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Background

So, one could be surprised by the fact that:

Hold @ Grid[{{1, 2}}]
 (*or*)
Hold @ Graphics @ Disk[]

enter image description here

This issue and methods of prevention are discussed in Prevent graphics render inside held expression.

I need further explanation though.


Questions

Recall that the rendering of Graphics has nothing to do with evaluation. It is done entirely in typesetting. And therefore, a robust solution will treat this as a problem of typesetting, and not as a problem of evaluation. - John Fultz answer

  • Question 1 What is the typesetting in Mathematica? What procedures does it include?

  • Question 2 Why isn't MakeBoxes using custom rules called Evaluation?

    I understand that

    Hold @ RawBoxes @ GraphicsBox[DiskBox[{0, 0}]]
    

    Will be displayed as a black disk, FrontEnd taking care of GraphicsBox is natural.

    But I don't know why this is done this way:

    MakeBoxes @ Graphics[Disk[]]   
      (*GraphicsBox[DiskBox[{0, 0}]]*)
    
    MakeBoxes @ Whatever[Disk[]] (*expected*)
      (*RowBox[{"Whatever", "[", RowBox[{"Disk", "[", "]"}], "]"}]*)
    

    For me using custom translations while parsing input is more than just typesetting.

  • Question 3 Why this design choice? Couldn't Grid, Graphics just evaluate to GraphicsBox? (what would allow Hold to prevent rendering)


Except of confusion this makes working with

InputField[Dynamic@x, Hold[Expression]]

pointless. Because as soon as you type something with custom MakeBoxes rules you will have to retype that to edit.

Am I overreacting? Have I missed something that makes this behavior really appreciated?

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  • $\begingroup$ The whole point of Graphics is that it is an inert representation of graphics. Since version 6, it doesn't evaluate, it doesn't do anything, etc. It just represents graphics. The front end then can show it as text, but it can also show it as an image. Both are just ways to display the same Mathematica expressions. In StandardForm it shows it as an image and in InputForm as text. $\endgroup$ – Szabolcs May 4 '16 at 13:23
  • $\begingroup$ I don't know, maybe we're thinking of this in very different ways or I just don't understand your question, but this behaviour makes perfect sense to me. It seems like a very elegant way to add graphics capability to a system that prefers to avoid side effects: just use declarative graphics, and render the graphics expression automatically. $\endgroup$ – Szabolcs May 4 '16 at 13:25
  • $\begingroup$ @Szabolcs It's not only about Graphics but whatever that has specific rules for MakeBoxes. As I said, I understand RawBoxes@GraphicsBox[DiskBox[{0, 0}]] is meant to be a picture. I just don't understand why Graphics,without evaluation, is converted to GraphicsBox instead of RowBox "Graphics" "[" .... I don't claim I'm right. Maybe I'm missing something, well obviously I am missing something, that's why there is a question. $\endgroup$ – Kuba May 4 '16 at 13:31
  • $\begingroup$ @Szabolcs also, "disabling" specific MakeBoxes still allows you to write GraphicsBox and see images without evaluation. So the behavior I'm talking about is nothing more but shortcut which generates problems. In my opinion, but still, I am rather asking for explanation than complaining :) $\endgroup$ – Kuba May 4 '16 at 13:34
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    $\begingroup$ @Karsten 7. Why have you deleted your answer? It doesn't answer the essence of the question but provides good workarounds for the InputField issue. I think it is worth to keep it as a partial answer demonstrating that the problem with InputField resulting from the described design choices is not so severe as one can imagine... $\endgroup$ – Alexey Popkov May 9 '16 at 6:54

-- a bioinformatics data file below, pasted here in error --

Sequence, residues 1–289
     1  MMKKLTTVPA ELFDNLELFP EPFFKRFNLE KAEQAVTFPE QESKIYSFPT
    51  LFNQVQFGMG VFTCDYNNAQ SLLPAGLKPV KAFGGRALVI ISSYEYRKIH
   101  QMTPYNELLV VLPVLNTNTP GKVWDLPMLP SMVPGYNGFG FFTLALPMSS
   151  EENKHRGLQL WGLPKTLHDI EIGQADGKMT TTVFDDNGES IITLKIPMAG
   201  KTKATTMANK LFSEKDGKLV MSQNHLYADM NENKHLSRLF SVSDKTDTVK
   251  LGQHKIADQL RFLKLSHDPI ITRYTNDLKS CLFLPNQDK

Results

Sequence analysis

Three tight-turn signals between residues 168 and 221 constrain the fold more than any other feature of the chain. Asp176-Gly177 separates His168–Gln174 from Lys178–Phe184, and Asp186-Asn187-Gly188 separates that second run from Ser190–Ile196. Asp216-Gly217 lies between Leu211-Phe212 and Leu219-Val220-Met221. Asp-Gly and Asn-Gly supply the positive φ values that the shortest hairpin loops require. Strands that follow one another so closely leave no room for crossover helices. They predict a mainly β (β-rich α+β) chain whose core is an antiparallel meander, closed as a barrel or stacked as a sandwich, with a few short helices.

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Question 1:

What is the typesetting in Mathematica? What procedures does it include?

I think that this 2008 year MathGroup post by John Fultz completely answers this question, so I'll cite it here:

In version 6, the kernel has absolutely no involvement whatsoever in generating the rendered image. The steps taken in displaying a graphic in version 6 are very much like those used in displaying non-graphical output. It works as follows:

1) The expression is evaluated, and ultimately produces something with head Graphics[] or Graphics3D[].

2) The resulting expression is passed through MakeBoxes. MakeBoxes has a set of rules which turns the graphics expression into the box language which the front end uses to represent graphics. E.g.,

In[9]:= MakeBoxes[Graphics[{Point[{0, 0}]}], StandardForm]
Out[9]= GraphicsBox[{PointBox[{0, 0}]}]

Internally, we call this the "typeset" expression. It may be a little weird thinking of graphics as being "typeset", but it's fundamentally the same operation which happens for typesetting (which has worked this way for 11 years), so I'll use the term.

3) The resulting typeset expression is sent via MathLink to the front end.

4) The front end parses the typeset expression and creates internal objects which generally have a one-to-one correspondence to the typeset expression.

5) The front end renders the internal objects.

In version 6, the front end, and only the front end can render graphics (unless you use the legacy PostScript scheme via <<Version5`Graphics`, in which the kernel does the hard job of rendering the graphic to a simple subset of PostScript, and the FE has the considerably easier job of merely rendering the PostScript to the screen).


Question 2:

But I don't know why this is done this way:

MakeBoxes @ Graphics[Disk[]]   
  (*GraphicsBox[DiskBox[{0, 0}]]*)

MakeBoxes @ Whatever[Disk[]] (*expected*)
  (*RowBox[{"Whatever", "[", RowBox[{"Disk", "[", "]"}], "]"}]*)

This is because typesetting rules are applied in a chain where the choices of branches depend of the previous choices (which in the first place are determined by the parent Heads). Citing the Documentation for MakeBoxes (emphasis is mine):

MakeBoxes is NOT automatically called on the results it generates. This means that explicit MakeBoxes calls must typically be inserted into definitions that are given.

We can Trace the typesetting and see what actually happens:

ExportString[
 Trace[MakeBoxes@Graphics[Disk[]], Typeset`MakeBoxes, TraceInternal -> True], "Text"]
"{{{HoldForm[Typeset`MakeBoxes[Graphics[Disk[]], StandardForm, Graphics]],